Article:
Today at Berkeley Lab

Lab Traffic Officers Go Undercover to Monitor Crosswalk Safety

A plainclothes UC Police Department officer repeatedly crossed two high-traffic crosswalks in mid-February to ensure motorists were properly yielding to pedestrians on the hill. Of the 64 events monitored, only one resulted in a citation, although eight instances were considered borderline. No pedestrians were cited, but they too must follow California Vehicle Code rules like: “No pedestrian may suddenly leave a curb or other place of safety and walk or run into the path of a vehicle that is so close as to constitute an immediate hazard. No pedestrian may unnecessarily stop or delay traffic while in a marked or unmarked crosswalk.”

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  1. Arthur Patterson says:

    The plainclothes officers that monitored two high-traffic crosswalks in mid-February focused on those specific locations as a result of the multiple safety concerns and complaints received over the last several months. The failure of motorists to yield to pedestrians, or conversely, pedestrians entering crosswalks without allowing motorists enough time to stop, was the point of the exercise. At no time is/was the Lab planning to cite drivers who may cross the double-yellow line when trying to give way to cyclists.

  2. Andreas Schmid says:

    The presumption that our safety depends on programs targeting law-breaking does not look correct to me, the introduction of stepped-up enforcement, including plain-clothes undercover officers, does nothing to mitigate the systemic flaws of our traffic system and, instead, just deflects accountability onto individuals. Looking at us, I see mindful individuals, not a bunch of delinquents.
    Summarizing the interesting comments from the traffic safety forum, I’d say they highlight that we, as an organization, have not been sufficiently successful to provide a properly designed traffic system, particularly in terms of adequate protection for pedestrians and bicyclists. Look at the forum, here are some quotes, chime in.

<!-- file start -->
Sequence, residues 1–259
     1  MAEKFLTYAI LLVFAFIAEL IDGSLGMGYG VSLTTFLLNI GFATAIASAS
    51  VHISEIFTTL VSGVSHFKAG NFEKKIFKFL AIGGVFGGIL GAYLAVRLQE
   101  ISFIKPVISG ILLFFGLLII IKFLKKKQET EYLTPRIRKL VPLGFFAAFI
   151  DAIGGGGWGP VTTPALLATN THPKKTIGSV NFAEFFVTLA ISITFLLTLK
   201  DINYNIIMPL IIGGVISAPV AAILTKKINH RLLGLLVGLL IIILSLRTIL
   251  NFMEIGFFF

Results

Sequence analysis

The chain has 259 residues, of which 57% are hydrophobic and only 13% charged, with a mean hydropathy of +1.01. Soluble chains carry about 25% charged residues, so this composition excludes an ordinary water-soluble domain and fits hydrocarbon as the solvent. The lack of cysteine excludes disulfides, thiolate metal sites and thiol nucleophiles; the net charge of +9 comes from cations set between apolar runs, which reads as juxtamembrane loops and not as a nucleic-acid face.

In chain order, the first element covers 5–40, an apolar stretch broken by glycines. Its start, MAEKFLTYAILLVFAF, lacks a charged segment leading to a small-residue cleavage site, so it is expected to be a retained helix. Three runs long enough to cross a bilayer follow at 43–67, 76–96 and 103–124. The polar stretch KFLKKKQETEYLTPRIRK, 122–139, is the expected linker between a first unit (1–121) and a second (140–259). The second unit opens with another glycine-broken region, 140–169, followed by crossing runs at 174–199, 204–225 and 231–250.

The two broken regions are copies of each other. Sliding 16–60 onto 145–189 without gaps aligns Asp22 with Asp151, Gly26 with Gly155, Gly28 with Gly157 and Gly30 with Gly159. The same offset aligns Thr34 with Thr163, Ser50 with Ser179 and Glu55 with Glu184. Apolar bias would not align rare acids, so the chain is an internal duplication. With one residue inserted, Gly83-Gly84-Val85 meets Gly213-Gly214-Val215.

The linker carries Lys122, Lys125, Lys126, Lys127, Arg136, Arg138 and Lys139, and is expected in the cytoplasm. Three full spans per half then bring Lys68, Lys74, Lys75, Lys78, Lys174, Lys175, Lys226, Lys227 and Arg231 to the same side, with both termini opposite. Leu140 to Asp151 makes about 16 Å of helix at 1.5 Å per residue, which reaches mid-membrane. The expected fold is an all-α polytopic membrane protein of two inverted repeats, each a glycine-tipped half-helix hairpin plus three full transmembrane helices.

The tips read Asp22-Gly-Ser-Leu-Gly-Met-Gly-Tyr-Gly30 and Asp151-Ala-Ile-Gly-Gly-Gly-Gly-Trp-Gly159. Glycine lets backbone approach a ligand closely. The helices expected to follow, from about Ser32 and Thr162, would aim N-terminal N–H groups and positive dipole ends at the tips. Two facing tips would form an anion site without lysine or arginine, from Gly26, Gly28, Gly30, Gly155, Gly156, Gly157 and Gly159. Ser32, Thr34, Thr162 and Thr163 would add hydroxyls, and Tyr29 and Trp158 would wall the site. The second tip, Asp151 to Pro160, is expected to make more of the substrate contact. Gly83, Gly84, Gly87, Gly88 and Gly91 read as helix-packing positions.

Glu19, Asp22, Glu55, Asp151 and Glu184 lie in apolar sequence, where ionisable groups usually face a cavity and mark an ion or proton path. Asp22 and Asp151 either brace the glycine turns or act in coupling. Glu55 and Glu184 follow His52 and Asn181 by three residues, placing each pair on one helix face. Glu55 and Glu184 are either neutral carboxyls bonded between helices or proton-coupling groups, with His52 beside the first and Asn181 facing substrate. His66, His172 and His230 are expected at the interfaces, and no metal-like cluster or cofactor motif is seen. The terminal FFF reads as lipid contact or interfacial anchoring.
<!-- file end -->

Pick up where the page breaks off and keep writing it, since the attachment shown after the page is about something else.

Biker: “…the most accident prone area for a bicyclist biking up the hill [is] nerve racking…”

    Driver: “I often find myself trying to accurately judge maneuvering around a bicyclist while remaining enough in my lane”

    “…LBNL property is confusing…”

    “We need a safe walkway around the entire lab. Currently it is necessary to walk some sections in the road.”

    “busy intersection near the firehouse (Segre/Lawrence) has no walkways”

    “…there are several heavily-used pedestrian routes that don’t have adequate protection for pedestrians, for example…”

    “…there is no walkway…”

    “The walkway up Lee Road from Bldgs 62 and 66 is so uneven I generally walk in the street.”

    “[Inadequate] lighting along walking paths is an ongoing safety issue”

  3. Pedestrian in Bldg. 90 says:

    Bus drivers also need to be reminded to remember to stop for pedestrians crossing the road. On more than one occasion, I have noticed that our bus drivers did not stop for pedestrians at the crosswalk. I have mostly seen this at the bottom of the hill at Bldg. 90. Safety goes a long way.

  4. Just this morning someone roared through the crosswalk between “the pit” and Bldg. 50A as I was crossing. It happens at least 2x a month. I’d be happy to see this patrolled! People need to learn that pedestrians have the right-of-way in crosswalks.

  5. Ross Schaefer says:

    I am glad to see the note on the responsibility pedestrians have to cross in a safe manner. While motorists must yield to people IN crosswalks, there are many pedestrians (around campus, in SF) that jump out into traffic, or worse yet, pay no attention to traffic whatsoever but rather to their iPhones, and create a situation where motorists must slam on the brakes in order to avoid hitting the person. A little courtesy goes a long way, and this applies to everyone- motorists, pedestrians, and cyclists.

  6. Pedestrian says:

    Thank you! I know some people don’t like this sort of police activity, but I really feel that drivers and pedestrians could really do more to improve their actions. Some stern “reminders” are needed.

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